Currently, glyphosate (the main ingredient in Roundup) is the most commonly used herbicide within the U.S. And, for those who don't know, this weed killer was patented back in the 1970s by Monsanto – one of the most hated corporations in the world. Today, the sales of this herbicide are responsible for about half of the company's revenue each year.
In the past, glyphosate has been linked to liver disease and kidney problems in animals. But one new study, which is the first of its kind, found that the ingredient has adverse effects on the human liver.
Conducted by researchers at the University of California San Diego School of Medicine and published in Clinical Gastroenterology and Hepatology, lead researcher Paul J. Mills wanted to find out if it was exposure to the herbicide glyphosate contributing to liver disease.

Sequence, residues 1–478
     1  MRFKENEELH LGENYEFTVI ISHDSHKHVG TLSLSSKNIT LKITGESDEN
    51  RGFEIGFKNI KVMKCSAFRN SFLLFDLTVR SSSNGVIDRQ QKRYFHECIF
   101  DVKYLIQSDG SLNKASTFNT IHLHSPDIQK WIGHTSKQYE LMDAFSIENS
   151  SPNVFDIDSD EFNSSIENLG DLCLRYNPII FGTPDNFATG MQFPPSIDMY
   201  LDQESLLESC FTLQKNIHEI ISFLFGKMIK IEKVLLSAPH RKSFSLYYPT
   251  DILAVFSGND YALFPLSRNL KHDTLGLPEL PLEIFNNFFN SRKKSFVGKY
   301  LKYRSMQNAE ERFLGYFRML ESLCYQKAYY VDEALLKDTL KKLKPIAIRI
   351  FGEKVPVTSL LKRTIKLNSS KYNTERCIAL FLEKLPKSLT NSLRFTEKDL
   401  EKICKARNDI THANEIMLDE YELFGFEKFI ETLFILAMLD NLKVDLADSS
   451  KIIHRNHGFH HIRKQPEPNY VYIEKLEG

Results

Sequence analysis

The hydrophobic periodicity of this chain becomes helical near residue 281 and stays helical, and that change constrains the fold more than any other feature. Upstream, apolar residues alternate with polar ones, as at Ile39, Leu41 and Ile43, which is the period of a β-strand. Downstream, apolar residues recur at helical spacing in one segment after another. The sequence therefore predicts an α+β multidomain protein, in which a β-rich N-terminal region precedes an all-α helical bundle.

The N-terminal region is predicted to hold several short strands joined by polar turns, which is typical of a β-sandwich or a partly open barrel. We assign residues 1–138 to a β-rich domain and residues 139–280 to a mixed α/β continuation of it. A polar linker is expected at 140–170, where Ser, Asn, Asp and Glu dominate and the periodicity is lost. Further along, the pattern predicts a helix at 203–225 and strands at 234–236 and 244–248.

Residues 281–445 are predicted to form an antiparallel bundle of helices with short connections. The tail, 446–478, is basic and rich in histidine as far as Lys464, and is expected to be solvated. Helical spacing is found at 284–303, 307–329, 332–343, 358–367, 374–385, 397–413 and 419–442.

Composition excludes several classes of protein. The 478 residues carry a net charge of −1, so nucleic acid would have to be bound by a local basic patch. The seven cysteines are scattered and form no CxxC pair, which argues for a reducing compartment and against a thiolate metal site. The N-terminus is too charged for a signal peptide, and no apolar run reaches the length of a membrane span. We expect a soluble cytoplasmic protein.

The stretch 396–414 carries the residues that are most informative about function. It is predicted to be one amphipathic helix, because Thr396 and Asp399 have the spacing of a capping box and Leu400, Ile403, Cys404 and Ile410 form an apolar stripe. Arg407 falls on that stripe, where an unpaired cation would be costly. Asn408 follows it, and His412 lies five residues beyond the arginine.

This recent study took a look at the amount of glyphosate found in the urine samples of two groups of patients – one group had nonalcoholic steatohepatitis (NASH), a type of nonalcoholic fatty liver disease, and the other group had no liver disease. No matter the ethnicity, age, BMI, or race, the group of patients who had NASH showed a significantly higher amount of glyphosate residue in their urine.